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Smaller conflicts are part of everyday life. However, if they become larger, escalate, all employees have the opportunity and the right to receive support and advice. In a social structure like the University with many hierarchical structures, it is important that no one remains unheard or is overheard.

The following information was provided to us by the Psychosocial Counseling Service, Ms. Stienkemeier-Tisch and Ms. Portscht.


What is meant by a conflict?

KonflikteA social conflict is an interaction between two or more people where at least one person experiences incompatibilities in thinking/imagining/perceiving and/or feeling or wanting with the other person in a way that affects him or her.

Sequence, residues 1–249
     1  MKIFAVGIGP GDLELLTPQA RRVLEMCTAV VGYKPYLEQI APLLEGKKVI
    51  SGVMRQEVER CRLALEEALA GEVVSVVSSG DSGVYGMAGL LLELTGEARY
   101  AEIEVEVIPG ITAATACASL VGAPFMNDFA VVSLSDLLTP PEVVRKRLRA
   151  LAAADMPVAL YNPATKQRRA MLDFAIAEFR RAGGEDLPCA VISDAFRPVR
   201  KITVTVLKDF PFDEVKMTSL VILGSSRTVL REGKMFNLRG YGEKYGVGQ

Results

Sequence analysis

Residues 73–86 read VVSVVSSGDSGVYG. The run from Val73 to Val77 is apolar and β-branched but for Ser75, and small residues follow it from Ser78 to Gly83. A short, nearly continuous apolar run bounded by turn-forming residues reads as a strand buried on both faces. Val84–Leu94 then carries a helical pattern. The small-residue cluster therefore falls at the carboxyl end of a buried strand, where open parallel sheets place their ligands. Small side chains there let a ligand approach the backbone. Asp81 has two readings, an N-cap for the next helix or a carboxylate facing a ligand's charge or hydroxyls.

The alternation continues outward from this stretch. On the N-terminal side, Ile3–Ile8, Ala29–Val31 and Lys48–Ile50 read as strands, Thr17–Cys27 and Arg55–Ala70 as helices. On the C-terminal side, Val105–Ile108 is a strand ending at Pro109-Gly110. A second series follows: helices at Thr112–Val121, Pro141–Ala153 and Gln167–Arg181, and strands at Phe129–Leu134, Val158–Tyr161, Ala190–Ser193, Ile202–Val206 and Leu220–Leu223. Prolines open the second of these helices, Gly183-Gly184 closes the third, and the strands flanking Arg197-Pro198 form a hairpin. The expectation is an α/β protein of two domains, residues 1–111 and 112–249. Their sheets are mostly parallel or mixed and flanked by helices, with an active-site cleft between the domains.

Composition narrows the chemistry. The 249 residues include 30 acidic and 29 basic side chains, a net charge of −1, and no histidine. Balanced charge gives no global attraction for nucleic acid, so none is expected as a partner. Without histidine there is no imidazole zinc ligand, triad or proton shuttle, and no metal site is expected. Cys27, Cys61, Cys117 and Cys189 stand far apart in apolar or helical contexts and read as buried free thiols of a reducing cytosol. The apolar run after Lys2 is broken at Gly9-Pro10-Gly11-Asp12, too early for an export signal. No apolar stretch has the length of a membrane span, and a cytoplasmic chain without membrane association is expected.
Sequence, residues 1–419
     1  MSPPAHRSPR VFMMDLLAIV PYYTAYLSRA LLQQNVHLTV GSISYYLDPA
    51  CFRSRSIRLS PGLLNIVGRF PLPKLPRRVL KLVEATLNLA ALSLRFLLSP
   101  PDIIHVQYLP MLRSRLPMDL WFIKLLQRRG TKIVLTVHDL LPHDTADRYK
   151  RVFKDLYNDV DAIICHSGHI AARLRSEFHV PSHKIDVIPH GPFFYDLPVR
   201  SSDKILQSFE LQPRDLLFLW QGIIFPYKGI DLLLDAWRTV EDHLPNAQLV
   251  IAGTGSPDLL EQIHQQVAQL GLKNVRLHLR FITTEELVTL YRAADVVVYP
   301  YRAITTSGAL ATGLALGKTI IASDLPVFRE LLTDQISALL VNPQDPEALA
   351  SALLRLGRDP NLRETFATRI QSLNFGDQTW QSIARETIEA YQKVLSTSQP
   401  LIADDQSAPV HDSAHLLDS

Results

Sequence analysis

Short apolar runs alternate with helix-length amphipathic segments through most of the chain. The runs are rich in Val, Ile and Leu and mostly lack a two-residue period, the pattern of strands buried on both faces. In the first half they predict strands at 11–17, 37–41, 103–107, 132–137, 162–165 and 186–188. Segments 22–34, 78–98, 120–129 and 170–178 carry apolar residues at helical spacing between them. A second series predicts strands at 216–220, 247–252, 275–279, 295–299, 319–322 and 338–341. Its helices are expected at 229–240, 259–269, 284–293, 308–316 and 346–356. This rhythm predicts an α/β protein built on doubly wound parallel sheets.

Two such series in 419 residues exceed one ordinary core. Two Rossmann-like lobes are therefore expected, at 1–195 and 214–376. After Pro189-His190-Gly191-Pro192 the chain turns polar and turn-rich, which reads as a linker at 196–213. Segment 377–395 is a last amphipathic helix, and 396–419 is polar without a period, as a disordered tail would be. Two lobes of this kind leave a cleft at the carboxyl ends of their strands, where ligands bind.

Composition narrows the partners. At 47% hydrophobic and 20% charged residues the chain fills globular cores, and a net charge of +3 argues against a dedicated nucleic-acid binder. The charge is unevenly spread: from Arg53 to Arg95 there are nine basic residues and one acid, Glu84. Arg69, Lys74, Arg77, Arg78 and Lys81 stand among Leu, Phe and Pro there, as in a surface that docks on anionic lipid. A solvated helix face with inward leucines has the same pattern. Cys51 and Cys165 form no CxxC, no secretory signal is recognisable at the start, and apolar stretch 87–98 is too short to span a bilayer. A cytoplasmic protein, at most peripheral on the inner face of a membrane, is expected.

Conflicts can imply the important information that change is needed. After conflict resolution, this can allow for improved interactions.

Since conflicts do not always just disappear into thin air, you can find information on the topic of conflicts below (for dealing with them constructively).


Getting to the root of the problems ...

KonflikteEvery conflict is different. In order to understand conflicts better, to deal with them well, to work on them and to find a solution, it is useful to first get an idea of what the subject of the conflict is or what could be behind the conflict and to probe the causes. This knowledge can be useful for dealing with conflicts in practice.


Types of conflicts:

  • Change conflicts: